Thesis Defense | TEXterity: Tactile Extrinsic deXterity




Alberto Rodriguez
Thesis Title: TEXterity: Tactile Extrinsic deXterity
Candidate: Sangwoon Kim
Date: Friday, April 12, 2024
Time: 4:30 pm ET
Location: 3-333 (Reception to be followed at 5-314)
Zoom Link:
This thesis introduces the concept of TEXterity (Tactile Extrinsic deXterity) to address challenges in robotic manipulation. Focusing on tactile sensing, TEXterity aims to enhance dexterity by enabling robots to perceive and act upon extrinsic contact between the grasped object and the environment.
Identifying interpretability, observability, and uncertainty as key challenges in tactile sensing, this thesis sets out to answer four pivotal questions:
- Is tactile sensing actually useful? - Chapter 2 explores the practical utility of tactile sensing through an examination of its application in a peg-in-hole insertion task. It demonstrates the advantages of tactile sensing over conventional force-torque sensing.
- How can we exploit tactile sensing efficiently? - Chapter 3 proposes an efficient approach to exploit tactile sensing by introducing extrinsic contact as an interpretable representation. This method offers scalability and effectiveness in utilizing tactile data.
- How can we reason about extrinsic contact with tactile sensing? - Chapter 4 develops a novel method for simultaneous estimation and control of extrinsic contact states, addressing uncertainties introduced by physical interactions. It enables robots to reason effectively about extrinsic contact using tactile sensing in a controlled manner.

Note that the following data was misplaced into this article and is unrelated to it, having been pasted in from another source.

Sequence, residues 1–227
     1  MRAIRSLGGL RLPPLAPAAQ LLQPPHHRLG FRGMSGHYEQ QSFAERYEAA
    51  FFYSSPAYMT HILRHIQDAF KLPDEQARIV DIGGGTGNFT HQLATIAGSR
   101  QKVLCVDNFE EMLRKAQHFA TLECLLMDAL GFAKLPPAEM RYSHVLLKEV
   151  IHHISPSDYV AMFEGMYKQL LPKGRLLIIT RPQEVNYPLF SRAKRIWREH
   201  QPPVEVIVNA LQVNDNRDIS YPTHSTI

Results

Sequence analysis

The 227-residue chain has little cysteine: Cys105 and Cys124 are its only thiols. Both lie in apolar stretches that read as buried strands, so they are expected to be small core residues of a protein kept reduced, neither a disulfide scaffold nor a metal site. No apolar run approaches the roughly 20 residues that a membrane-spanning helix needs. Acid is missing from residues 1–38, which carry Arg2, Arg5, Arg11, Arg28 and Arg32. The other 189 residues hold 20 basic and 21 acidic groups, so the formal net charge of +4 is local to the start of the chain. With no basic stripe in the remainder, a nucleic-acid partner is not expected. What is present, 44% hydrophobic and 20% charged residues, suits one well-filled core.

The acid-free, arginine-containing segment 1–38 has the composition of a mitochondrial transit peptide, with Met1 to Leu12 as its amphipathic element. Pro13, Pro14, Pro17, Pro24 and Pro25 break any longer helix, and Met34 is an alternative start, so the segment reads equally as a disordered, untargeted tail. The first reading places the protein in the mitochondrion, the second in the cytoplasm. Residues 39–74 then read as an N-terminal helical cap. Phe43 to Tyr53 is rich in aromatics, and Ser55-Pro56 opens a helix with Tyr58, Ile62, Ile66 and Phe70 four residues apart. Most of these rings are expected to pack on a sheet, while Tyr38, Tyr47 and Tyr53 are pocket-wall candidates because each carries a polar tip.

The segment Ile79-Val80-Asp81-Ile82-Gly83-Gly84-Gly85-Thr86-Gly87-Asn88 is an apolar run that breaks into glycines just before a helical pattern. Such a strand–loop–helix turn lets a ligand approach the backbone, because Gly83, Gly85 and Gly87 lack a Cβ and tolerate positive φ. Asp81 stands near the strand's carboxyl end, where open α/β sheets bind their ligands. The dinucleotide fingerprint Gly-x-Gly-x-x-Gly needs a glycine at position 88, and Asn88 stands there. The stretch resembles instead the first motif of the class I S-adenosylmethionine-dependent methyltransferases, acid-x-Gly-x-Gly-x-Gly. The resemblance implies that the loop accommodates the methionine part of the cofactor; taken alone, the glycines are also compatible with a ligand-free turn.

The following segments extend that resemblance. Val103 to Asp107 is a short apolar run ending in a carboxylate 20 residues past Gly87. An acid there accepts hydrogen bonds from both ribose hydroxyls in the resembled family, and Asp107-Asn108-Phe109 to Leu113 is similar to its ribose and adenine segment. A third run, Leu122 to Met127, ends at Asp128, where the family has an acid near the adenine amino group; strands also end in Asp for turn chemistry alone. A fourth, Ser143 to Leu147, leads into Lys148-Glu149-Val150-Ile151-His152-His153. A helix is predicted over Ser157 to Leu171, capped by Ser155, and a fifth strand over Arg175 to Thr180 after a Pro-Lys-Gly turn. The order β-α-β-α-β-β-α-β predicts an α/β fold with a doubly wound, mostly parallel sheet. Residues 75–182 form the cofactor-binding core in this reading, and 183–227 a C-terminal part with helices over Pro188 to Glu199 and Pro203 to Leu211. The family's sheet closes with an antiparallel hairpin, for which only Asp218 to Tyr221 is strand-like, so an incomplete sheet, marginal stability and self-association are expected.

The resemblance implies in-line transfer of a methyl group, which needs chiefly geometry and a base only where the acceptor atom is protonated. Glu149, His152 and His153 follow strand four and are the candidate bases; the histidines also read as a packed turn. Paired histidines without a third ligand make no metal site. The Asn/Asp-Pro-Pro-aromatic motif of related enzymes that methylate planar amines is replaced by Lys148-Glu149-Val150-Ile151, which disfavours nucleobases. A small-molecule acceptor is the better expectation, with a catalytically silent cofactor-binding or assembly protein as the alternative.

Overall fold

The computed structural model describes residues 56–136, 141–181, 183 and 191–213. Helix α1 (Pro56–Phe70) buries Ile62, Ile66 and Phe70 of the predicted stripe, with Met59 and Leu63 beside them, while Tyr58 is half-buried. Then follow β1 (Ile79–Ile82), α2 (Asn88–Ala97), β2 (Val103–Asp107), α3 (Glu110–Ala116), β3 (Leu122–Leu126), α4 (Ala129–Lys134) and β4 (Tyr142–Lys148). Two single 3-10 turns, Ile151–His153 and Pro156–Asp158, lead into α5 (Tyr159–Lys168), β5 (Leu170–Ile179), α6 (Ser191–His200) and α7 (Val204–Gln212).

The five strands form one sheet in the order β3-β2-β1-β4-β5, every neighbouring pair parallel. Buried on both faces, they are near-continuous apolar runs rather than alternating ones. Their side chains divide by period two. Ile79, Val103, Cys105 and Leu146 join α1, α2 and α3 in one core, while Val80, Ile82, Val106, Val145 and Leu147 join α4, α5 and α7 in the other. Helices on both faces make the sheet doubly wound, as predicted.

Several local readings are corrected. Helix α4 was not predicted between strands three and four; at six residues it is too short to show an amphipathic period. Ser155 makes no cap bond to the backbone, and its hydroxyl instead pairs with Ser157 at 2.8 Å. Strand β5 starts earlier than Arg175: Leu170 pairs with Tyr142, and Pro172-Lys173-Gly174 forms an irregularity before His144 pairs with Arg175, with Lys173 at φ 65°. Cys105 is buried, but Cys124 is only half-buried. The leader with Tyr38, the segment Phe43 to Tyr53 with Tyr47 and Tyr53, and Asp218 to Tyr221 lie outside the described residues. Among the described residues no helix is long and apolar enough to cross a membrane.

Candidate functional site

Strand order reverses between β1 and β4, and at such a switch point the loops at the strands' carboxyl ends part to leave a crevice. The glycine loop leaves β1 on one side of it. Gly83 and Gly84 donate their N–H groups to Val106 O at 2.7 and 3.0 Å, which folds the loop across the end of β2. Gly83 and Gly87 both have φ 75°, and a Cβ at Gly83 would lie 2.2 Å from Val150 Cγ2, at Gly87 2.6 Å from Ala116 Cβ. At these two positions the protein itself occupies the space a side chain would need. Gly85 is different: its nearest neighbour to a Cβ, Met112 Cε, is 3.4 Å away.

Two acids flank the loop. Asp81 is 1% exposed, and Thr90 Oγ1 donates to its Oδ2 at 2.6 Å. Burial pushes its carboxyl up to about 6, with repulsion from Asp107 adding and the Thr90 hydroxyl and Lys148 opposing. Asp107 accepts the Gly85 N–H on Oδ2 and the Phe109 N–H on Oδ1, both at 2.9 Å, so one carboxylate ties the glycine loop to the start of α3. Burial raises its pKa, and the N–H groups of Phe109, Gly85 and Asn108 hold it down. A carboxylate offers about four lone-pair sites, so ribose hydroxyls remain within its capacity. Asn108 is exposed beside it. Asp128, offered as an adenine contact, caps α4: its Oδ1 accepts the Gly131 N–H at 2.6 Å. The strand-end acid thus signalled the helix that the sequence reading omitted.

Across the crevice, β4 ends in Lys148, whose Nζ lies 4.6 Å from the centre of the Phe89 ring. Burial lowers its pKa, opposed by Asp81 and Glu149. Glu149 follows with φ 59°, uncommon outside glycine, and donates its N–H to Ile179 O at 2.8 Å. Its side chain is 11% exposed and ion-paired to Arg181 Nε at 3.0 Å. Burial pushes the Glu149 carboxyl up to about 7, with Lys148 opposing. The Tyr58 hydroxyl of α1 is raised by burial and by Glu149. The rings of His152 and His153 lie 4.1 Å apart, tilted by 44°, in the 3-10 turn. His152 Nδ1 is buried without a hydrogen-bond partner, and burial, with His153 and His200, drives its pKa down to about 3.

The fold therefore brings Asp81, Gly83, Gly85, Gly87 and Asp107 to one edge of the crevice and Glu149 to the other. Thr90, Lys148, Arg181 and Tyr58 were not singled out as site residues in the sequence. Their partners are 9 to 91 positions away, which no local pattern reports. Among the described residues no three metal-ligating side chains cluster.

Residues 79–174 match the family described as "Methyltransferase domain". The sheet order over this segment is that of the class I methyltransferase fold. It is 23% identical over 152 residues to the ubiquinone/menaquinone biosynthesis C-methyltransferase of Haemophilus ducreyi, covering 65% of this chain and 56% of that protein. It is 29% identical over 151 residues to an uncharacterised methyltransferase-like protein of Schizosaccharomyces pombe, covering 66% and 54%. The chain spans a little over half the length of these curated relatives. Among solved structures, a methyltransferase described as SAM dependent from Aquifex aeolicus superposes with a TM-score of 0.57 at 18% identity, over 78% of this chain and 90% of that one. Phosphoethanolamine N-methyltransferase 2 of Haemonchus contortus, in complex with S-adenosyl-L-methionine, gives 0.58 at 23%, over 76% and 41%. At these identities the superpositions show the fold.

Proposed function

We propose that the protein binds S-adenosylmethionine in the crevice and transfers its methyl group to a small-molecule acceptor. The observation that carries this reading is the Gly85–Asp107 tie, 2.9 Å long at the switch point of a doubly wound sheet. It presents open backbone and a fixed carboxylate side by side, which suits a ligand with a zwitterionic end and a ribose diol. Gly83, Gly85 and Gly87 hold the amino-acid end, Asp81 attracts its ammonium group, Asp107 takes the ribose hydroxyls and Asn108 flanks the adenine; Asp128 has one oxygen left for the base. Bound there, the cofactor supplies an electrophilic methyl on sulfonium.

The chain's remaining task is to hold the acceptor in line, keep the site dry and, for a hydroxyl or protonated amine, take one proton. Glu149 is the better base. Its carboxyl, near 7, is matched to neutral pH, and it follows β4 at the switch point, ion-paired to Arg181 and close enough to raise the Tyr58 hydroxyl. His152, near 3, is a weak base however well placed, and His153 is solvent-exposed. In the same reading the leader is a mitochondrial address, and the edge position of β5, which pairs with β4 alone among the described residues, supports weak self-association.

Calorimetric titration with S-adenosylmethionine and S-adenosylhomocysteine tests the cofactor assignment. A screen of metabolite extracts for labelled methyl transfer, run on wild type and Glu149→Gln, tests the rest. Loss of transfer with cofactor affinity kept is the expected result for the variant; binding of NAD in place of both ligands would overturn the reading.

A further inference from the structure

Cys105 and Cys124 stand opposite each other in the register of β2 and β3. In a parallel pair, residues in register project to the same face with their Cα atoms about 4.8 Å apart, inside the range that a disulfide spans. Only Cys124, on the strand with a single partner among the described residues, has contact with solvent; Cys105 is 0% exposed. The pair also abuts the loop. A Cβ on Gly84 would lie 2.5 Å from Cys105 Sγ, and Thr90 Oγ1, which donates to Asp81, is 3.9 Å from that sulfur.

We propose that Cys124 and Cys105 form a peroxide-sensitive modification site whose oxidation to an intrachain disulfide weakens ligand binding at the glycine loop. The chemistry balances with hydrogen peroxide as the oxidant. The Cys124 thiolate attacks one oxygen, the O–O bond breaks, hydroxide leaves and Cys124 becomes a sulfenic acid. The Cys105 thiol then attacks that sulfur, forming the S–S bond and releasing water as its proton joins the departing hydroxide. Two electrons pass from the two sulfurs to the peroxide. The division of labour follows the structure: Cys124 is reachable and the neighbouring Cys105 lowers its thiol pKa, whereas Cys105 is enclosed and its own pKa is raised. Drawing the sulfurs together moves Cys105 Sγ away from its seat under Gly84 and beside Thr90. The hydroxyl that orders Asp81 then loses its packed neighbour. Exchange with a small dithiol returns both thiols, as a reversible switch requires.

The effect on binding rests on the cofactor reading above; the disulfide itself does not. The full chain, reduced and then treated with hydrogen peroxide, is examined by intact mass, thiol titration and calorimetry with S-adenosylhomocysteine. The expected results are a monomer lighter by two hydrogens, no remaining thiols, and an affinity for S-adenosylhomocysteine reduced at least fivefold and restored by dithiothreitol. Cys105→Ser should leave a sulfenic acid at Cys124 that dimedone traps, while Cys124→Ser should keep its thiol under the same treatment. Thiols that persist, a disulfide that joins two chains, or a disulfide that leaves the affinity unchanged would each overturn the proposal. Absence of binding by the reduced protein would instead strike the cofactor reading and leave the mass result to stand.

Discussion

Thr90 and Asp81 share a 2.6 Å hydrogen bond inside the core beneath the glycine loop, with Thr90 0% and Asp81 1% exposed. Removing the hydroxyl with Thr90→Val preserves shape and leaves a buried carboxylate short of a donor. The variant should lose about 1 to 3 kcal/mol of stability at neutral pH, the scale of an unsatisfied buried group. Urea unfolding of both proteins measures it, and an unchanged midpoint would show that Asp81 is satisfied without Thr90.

- How can we achieve extrinsic dexterity with tactile sensing? - Chapter 5 extends the simultaneous estimation and control method to achieve extrinsic dexterity, showcasing precise in-hand sliding regrasps facilitated by pushing the object against the external environment.
The conclusion summarizes the key findings, emphasizing the significance of tactile sensing and TEXterity in addressing challenges and advancing robotic manipulation. Strategies to tackle major challenges are outlined, focusing on interpretability, observability, and uncertainty.
In essence, this thesis lays the groundwork for unlocking the potential of tactile sensing in robotic manipulation, offering insights, solutions, and avenues for future research to propel the field toward achieving TEXterity and further toward human-level dexterity.

Thesis Committee:
Dr. Alberto Rodriguez (Thesis Advisor), Department of Mechanical Engineering
Prof. John Leonard, Department of Mechanical Engineering
Prof. Sangbae Kim, Department of Mechanical Engineering
Prof. Pulkit Agrawal, Department of Electrical Engineering and Computer Science